Titan, based in San Diego, describes itself as a "a leading provider of
comprehensive information and communications products, solutions and
services for national security".
CACI, which has headquarters in Virginia, claims on its website to "help
America's intelligence community collect, analyse and share global in
formation in the war on terrorism".
Neither responded to calls for comment yesterday.
According to the military report on Abu Ghraib, both played an important
role at the prison.
At one point, the investigators say: "A CACI instructor was terminated
because he allowed and/or instructed MPs who were not trained in
interrogation techniques to facilitate interrogations by setting conditions
which were neither authorised [nor] in accordance with applicable
Colonel Jill Morgenthaler, speaking for central command, told the Guardian:
"One contractor was originally included with six soldiers, accused for his
treatment of the prisoners, but we had no jurisdiction over him. It was left
up to the contractor on how to deal with him."
She did not specify the accusation facing the contractor, but according to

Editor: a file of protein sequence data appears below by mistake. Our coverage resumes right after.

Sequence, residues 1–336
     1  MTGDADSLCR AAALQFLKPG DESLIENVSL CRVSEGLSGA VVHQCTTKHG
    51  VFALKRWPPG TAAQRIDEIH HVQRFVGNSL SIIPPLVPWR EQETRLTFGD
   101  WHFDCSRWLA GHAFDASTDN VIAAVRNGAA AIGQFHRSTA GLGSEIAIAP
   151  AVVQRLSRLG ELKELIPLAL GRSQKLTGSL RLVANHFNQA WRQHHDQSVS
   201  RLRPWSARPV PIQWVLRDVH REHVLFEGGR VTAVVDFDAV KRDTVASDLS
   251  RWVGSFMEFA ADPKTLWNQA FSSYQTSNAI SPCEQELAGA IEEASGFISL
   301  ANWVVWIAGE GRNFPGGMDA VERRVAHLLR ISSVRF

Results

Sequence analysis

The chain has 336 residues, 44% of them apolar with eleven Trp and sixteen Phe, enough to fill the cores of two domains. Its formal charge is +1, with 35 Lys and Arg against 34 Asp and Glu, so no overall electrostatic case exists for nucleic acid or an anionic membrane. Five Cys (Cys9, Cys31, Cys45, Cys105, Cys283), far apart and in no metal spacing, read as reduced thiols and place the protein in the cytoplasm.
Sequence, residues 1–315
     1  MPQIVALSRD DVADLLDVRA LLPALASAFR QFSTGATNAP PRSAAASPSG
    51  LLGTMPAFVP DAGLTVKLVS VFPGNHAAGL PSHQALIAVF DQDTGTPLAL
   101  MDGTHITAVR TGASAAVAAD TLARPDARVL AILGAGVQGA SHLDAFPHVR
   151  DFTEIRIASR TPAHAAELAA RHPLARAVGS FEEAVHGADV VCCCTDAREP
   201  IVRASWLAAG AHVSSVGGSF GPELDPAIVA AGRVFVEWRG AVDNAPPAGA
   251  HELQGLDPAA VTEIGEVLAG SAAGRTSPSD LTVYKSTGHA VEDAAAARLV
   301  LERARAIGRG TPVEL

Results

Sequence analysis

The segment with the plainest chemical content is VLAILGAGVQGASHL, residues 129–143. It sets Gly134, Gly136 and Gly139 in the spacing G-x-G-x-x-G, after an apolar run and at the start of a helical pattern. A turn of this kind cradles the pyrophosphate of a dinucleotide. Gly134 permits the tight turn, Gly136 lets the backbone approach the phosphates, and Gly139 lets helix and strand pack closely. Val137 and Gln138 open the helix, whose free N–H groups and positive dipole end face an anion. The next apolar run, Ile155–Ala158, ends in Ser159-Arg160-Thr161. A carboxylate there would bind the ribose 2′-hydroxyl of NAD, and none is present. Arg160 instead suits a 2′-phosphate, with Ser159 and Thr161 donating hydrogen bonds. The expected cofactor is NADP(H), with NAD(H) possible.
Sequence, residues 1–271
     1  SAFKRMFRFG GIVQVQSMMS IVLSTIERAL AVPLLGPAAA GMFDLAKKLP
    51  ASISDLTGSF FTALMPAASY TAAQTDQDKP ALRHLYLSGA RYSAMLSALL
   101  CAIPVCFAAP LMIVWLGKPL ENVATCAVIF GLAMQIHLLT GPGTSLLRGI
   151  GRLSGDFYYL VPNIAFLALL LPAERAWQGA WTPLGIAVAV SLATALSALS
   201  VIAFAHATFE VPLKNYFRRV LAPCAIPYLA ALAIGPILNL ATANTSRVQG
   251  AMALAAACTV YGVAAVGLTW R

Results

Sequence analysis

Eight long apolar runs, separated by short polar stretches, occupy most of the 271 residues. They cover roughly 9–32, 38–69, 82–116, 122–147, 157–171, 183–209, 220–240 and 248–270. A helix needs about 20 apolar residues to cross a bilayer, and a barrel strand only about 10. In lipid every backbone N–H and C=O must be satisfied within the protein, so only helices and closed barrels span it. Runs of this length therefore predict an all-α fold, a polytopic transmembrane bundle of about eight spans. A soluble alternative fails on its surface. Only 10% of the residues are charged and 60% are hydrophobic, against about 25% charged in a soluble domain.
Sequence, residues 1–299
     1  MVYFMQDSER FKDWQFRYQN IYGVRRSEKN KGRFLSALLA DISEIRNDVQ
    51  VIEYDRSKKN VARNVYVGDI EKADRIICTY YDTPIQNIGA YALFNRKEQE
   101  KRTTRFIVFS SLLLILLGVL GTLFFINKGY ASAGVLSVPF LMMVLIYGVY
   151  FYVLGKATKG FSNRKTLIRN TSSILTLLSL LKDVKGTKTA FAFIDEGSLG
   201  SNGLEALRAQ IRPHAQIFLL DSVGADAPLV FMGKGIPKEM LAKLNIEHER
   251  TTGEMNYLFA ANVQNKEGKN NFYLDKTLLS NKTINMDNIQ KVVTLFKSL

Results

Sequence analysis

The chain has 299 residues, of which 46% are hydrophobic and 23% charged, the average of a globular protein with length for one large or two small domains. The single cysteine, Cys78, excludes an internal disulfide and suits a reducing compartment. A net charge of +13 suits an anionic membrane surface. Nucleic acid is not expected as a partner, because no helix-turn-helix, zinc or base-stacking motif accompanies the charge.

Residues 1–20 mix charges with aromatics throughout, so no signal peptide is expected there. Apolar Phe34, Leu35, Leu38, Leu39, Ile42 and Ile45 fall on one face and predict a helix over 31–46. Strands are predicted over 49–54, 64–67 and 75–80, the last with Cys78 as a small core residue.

several sources with detailed knowledge of the case, he raped an Iraqi
inmate in his mid-teens.
Col Morgenthaler said the charges against the six soldiers included
"indecent acts, for ordering detainees to publicly masturbate; maltreatment,
for non-physical abuse, piling inmates into nude pyramids and taking
pictures of them nude; battery, for shoving and stepping on detainees;
dereliction of duty; and conspiracy to maltreat detainees".
One of the soldiers, Staff Sgt Chip Frederick is accused of posing in a
photograph sitting on top of a detainee, committing an indecent act and with
assault for striking detainees - and ordering detainees to strike each
He told CBS: "We had no support, no training whatsoever. And I kept asking
my chain of command for certain things ... like rules and regulations."
His lawyer, Gary Myers, told the Guardian that Sgt Frederick had not had the
opportunity to read the Geneva Conventions before being put on guard duty, a
task he was not trained to perform.
Mr Myers said the role of the private contractors in Abu Ghraib are central
to the case.
"We know that CACI and Titan corporations have provided interrogators and
that they have in fact conducted interrogations on behalf of the US and have
interacted the military police guards at the prison," he said.
"I think it creates a laissez faire environment that is completely
inappropriate. If these individuals engaged in crimes against an Iraq
national - who has jurisdiction over such a crime?"
"It's insanity," said Robert Baer, a former CIA agent, who has examined the
case, and is concerned about the private contractors' free-ranging role.
"These are rank amateurs and there is no legally binding law on these guys
as far as I could tell. Why did they let them in the prison?"
The Pentagon had no comment yesterday on the role of contractors at Abu
Ghraib, saying that an inquiry was still in progress.